Project Play 2020 Q&A

 
 
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What are the areas that the group is focused on?

Project Play 2020 will focus on developing actions that address the following KPI – we’ll call them “Key Play Indicators” – for youth through age 12. These KPI are measured annually on a national level by the Sports Fitness Industry Association through a household survey conducted by Sports Marketing Surveys:

  • Sport participation among youth
  • Youth coaches trained in key competencies
  • Average number of team sports played
  • Inactive children – i.e. lowering the number of kids engaged in no activity

Why did we choose the year one priorities of coaching and sport sampling?

Train All Coaches and Encourage Sport Sampling are two of the eight plays, or strategies, recognized by the Aspen Institute in the Sport for All, Play for Life: A Playbook to Get Every Kid in the Game as key in stakeholders getting and keeping kids active through sports. The group will use the report as a filter to identify annual priorities, and was determined that initially it could make progress in these two areas.

How will this group go about its development of opportunities?

The founding members of Project Play 2020 comprise the initiative’s Project Play 2020 Advisory Group, who collectively guide the overall development of the initiative, help determine annual priorities, and agree to make a commitment to action consistent with one or more of the KPI. Working Groups tied to each of the priority areas then develop and execute the strategy on behalf of each one, led by co-chairs. Members self-select one of the Working Groups to join with the remit to develop partnerships and utilize resources and assets to support the priorities.

What is Aspen’s role?

The Aspen Institute Sports & Society Program is the backbone organization in charge of applying the collective impact methodology to support the Advisory Group and help drive Project Play 2020’s goals. The Institute has a multifaceted role that includes: facilitating the development of a shared agenda, analyzing data to find opportunities and track progress, fostering communication across all groups, and providing ideas to the Advisory Group that support their efforts to create mutually reinforcing actions. Where appropriate, Aspen will also assist or take the lead in the development of resources and tools.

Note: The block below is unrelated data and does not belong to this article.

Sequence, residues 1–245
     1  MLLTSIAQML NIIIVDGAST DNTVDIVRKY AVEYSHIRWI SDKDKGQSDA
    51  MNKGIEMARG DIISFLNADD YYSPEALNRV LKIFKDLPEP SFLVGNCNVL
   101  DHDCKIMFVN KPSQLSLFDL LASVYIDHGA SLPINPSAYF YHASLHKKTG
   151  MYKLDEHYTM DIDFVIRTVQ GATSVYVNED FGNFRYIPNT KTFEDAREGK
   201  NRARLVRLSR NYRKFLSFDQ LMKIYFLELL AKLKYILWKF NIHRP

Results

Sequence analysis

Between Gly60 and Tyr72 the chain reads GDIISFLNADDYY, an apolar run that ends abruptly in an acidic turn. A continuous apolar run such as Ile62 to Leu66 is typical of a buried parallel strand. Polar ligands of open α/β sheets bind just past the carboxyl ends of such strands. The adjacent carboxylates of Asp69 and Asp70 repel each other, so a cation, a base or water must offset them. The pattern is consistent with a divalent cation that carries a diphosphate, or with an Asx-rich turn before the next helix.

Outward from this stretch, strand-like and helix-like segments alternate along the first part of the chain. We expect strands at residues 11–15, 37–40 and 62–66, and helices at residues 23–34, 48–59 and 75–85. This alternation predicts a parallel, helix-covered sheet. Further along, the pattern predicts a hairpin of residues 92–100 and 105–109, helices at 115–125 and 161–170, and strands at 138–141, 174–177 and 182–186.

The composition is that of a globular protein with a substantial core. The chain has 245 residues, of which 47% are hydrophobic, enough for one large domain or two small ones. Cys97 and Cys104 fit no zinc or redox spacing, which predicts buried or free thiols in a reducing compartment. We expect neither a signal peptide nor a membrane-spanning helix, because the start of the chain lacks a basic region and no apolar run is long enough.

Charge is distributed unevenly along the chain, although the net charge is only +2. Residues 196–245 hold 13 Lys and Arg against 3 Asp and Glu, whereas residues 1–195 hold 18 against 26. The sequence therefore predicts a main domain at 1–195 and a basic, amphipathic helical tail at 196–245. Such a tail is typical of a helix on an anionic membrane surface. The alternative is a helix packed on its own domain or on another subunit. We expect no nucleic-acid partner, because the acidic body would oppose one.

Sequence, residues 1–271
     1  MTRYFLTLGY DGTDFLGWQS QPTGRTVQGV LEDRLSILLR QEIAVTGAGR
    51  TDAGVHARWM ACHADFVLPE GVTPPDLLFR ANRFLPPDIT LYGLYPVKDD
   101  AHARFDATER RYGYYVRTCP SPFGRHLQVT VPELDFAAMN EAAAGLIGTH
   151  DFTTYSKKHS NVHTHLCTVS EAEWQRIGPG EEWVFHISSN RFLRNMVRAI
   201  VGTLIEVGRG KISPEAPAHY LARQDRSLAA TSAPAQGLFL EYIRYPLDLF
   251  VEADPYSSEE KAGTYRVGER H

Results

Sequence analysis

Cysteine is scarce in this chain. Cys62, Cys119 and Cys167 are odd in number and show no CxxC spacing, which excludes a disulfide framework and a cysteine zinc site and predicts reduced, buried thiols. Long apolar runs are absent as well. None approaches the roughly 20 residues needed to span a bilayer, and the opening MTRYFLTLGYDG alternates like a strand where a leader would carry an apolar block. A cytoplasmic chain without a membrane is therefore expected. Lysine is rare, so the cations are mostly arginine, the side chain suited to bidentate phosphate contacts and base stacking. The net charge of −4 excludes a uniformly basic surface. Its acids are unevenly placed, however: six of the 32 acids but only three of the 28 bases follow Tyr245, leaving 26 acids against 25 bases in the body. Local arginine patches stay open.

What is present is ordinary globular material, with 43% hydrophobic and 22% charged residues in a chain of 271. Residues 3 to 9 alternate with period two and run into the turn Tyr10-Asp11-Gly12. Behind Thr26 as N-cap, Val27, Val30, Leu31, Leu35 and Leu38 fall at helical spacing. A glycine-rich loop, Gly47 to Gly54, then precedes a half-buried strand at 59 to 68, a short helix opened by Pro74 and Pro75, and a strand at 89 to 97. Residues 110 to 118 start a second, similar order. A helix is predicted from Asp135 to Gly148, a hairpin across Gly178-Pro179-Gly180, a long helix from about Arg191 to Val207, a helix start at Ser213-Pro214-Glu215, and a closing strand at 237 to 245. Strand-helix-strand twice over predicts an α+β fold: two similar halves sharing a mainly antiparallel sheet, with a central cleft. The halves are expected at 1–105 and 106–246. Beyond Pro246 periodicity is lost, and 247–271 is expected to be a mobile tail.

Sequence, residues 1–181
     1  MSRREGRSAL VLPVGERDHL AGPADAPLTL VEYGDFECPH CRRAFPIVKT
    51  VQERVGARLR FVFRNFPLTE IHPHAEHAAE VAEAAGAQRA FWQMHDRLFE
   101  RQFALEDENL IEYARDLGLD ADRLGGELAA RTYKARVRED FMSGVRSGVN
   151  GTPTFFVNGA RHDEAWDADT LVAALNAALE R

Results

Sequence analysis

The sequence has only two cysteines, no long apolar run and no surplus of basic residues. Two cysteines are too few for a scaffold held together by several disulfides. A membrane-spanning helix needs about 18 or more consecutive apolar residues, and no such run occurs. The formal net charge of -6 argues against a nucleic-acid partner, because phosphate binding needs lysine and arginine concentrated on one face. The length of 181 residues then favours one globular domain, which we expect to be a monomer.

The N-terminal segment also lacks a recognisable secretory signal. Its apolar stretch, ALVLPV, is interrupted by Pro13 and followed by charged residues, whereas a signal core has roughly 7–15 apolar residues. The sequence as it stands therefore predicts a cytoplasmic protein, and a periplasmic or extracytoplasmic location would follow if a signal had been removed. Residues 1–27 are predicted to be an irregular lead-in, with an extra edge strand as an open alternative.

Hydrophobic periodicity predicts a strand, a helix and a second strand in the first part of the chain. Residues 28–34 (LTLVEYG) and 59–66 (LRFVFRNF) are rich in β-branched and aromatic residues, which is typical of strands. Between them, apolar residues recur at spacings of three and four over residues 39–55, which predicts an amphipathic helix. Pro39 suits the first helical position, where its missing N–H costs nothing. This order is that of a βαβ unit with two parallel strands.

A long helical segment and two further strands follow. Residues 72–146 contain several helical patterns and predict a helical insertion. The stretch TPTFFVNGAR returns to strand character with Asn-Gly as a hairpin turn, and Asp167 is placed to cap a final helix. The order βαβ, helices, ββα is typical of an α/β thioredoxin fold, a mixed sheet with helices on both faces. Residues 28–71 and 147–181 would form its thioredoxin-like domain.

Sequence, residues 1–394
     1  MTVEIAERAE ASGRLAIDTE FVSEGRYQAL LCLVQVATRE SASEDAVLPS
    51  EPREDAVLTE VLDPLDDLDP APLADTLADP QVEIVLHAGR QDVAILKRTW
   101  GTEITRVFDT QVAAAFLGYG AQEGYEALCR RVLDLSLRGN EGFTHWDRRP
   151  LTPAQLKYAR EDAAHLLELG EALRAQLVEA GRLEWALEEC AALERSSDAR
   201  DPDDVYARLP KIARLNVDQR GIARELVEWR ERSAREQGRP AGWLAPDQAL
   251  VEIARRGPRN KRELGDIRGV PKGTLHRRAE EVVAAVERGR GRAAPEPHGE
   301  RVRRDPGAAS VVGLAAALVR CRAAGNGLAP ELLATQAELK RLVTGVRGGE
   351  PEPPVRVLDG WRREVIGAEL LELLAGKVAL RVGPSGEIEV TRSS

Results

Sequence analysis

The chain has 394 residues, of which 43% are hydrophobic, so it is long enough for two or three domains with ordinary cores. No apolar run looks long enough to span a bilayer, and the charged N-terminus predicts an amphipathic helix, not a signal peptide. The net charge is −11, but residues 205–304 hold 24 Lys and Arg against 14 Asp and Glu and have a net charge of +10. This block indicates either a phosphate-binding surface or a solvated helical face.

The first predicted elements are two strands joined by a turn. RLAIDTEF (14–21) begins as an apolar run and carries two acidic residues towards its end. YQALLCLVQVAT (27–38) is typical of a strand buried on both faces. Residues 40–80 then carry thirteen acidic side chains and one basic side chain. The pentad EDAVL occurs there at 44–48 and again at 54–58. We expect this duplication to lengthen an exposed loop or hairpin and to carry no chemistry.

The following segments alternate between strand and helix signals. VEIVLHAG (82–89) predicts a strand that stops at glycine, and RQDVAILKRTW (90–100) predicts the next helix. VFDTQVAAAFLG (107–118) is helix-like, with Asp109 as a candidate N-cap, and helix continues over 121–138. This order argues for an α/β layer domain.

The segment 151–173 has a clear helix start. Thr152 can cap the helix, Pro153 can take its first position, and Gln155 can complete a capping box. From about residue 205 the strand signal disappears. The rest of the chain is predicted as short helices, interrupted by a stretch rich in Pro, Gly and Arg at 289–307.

Sue Hunt (sue.hunt@aspeninstitute.org) is director of Project Play 2020.

What type of programs or initiatives could emerge from this group’s work? 

  • Grant-making or policies that address the KPI or annual priorities
  • Deployment of an organization’s resources to create or enhance a program
  • Introduction of breakthrough solutions (e.g., technology, media)
  • Announcement of a new or enhanced partnership
  • Leadership in rallying other entities within each organization’s sector
  • Creation of a PSA or communication campaign
  • Other interventions or programs
  • Pilot projects in regions and cities

How will this group measure success?

We will monitor the KPI on a timely basis while also setting specific goals within each of the annual priorities, such as the development of resources to grow the quality and quantity of youth coaches. We will also endeavor to achieve more immediate wins that support the annual priorities and other “plays,” such as the Project Play Parent Checklists supported by Target and distributed at the 2017 Project Play Summit.

Can other organizations Participate in Project Play 2020?

Yes! A select number of motivated organizations will be invited to join the Advisory Group as the initiative continues to evolve. We will also look to invite other organizations to join Project Play 2020’s broader coalition – "Project Play Champions" – by aligning efforts with the initiative, with its 20-20 vision of what good looks like in youth sports and belief that achieving this vision depends on mutually reinforcing actions by many groups. Project Play Champions details were released in early 2018.

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